Monday, March 24, 2014

Sox Should've Waited to Extend Ortiz

Ortiz is a happy camper, but now he needs to produce (ESPN)
A few short months after carrying the Red Sox to their third World Series championship in the last ten years (and he literally carried them), David Ortiz had already grown unhappy. As usual, he was displeased with his contract, so much so that he threatened to leave Boston if he didn't get what he wanted.

It was an empty threat, of course, but the Red Sox responded to their frustrated slugger by giving him what he got what he wanted: another year tacked onto his contract, which was set to expire at the end of this season. The extension will net him an additional $16 million in 2015, Ortiz's age-39 season.

I guess that means Ortiz can shut up about his contract status and let his bat do the talking, at least until next winter.

Last month I wrote in my column for The Tufts Daily that the Red Sox should hold off on re-signing Ortiz, and I still stand by that argument. Extending a 38 year-old is incredibly risky, especially when all of said 38 year-old's value is tied up in his bat. Yes, Ortiz has been one of the best hitters in baseball over the past three years, but he's going to stop hitting at some point, probably sooner rather than later. The Red Sox shouldn't have been in any rush to re-sign their aging star, and I don't see why they didn't hold off to confirm that he can still mash big league pitching before committing another year and millions of dollars to him.

What Boston should have done was wait until the All-Star Break and, if Ortiz remained healthy and productive, hand him his advance for the 2015 season. That way they would have been able to make a fair assessment about the state of his skills and health without letting him reach free agency and possibly a) command more money or b) go someplace else.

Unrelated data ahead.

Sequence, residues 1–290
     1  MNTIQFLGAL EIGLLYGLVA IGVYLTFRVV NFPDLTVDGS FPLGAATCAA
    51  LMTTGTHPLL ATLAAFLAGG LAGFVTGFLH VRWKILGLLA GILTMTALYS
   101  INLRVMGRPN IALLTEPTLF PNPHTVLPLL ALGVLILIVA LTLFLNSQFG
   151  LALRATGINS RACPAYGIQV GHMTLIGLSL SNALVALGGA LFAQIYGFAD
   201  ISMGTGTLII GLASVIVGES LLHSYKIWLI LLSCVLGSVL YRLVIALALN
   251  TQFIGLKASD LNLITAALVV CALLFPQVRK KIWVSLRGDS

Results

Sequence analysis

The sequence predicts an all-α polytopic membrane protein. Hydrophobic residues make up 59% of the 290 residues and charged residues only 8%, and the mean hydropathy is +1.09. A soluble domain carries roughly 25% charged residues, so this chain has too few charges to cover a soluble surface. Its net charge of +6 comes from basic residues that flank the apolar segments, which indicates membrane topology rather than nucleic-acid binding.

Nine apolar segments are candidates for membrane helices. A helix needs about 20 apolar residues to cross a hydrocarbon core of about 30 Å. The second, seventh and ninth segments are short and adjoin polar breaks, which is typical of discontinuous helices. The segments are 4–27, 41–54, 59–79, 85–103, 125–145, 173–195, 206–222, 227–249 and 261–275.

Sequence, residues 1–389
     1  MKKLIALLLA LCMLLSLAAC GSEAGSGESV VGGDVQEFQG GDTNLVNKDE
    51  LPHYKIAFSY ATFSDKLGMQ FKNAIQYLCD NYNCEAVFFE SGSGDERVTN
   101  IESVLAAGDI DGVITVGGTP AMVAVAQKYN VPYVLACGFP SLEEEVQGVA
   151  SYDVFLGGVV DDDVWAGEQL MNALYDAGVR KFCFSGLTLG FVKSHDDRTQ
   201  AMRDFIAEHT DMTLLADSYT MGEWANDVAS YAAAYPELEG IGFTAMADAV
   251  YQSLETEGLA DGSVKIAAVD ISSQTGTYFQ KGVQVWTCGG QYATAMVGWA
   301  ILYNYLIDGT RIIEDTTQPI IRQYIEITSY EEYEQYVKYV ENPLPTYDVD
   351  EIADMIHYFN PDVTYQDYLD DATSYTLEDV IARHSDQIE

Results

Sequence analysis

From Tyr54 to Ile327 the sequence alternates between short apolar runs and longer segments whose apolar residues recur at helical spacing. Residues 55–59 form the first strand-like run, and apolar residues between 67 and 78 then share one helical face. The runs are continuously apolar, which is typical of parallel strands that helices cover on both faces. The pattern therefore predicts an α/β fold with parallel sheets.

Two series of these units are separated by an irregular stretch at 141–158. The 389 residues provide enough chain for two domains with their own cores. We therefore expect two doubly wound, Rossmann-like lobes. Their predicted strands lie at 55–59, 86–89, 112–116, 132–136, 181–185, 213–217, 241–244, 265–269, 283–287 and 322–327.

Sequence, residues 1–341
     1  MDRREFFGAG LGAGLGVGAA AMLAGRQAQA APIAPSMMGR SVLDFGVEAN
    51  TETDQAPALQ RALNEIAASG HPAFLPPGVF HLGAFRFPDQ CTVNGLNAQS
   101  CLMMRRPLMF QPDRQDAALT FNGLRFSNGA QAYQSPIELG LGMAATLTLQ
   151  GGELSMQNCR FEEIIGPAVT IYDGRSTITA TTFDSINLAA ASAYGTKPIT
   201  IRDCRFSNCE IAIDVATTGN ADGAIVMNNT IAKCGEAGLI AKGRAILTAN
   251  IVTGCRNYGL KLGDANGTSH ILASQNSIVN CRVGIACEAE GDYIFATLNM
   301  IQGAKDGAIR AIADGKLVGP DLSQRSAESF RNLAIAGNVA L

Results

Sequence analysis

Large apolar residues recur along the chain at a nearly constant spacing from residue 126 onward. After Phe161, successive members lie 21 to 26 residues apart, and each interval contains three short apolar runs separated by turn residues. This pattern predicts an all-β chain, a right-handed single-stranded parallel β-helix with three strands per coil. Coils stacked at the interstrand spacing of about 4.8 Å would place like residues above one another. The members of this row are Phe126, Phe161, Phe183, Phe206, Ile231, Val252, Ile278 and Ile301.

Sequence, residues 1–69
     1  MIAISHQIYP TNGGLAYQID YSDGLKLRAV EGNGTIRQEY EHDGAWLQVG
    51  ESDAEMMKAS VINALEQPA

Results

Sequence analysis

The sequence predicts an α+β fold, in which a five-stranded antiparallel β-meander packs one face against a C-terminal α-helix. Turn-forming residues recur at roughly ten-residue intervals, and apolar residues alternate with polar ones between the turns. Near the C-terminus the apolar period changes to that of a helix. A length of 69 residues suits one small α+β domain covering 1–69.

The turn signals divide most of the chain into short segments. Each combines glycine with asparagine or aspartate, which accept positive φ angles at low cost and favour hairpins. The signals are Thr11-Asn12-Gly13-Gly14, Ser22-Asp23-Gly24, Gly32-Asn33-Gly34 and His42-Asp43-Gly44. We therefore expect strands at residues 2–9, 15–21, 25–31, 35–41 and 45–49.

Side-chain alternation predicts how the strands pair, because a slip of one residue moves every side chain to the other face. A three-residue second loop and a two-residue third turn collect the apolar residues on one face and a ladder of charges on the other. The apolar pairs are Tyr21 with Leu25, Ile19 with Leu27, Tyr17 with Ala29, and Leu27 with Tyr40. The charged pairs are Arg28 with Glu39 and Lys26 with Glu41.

Ortiz is a man who equates dollars with respect, but the Red Sox have paid him more than $110 million in player salaries throughout his time in Boston (with another $30 million on the way): isn't that enough? And, don't forget, they gave him a chance in 2003 after the Twins released him. The Red Sox don't owe him a thing. They were already paying him to hit baseballs this year, so if anything it's Ortiz who should be worried about holding up his end of the bargain.

I understand the justification for this deal extends beyond the baseball field. If there's anyone who deserves a year of contract security, it's Ortiz. But sentimental reasons aside, this deal just doesn't make a whole lot of baseball sense. Thankfully Boston's payroll is large enough that it can absorb $16 million in deadweight if Papi turns into a pumpkin.

Of course, if Ortiz has another great year and the Red Sox make the playoffs I'll feel differently about this move a year from now. But right now, I'm not a fan.

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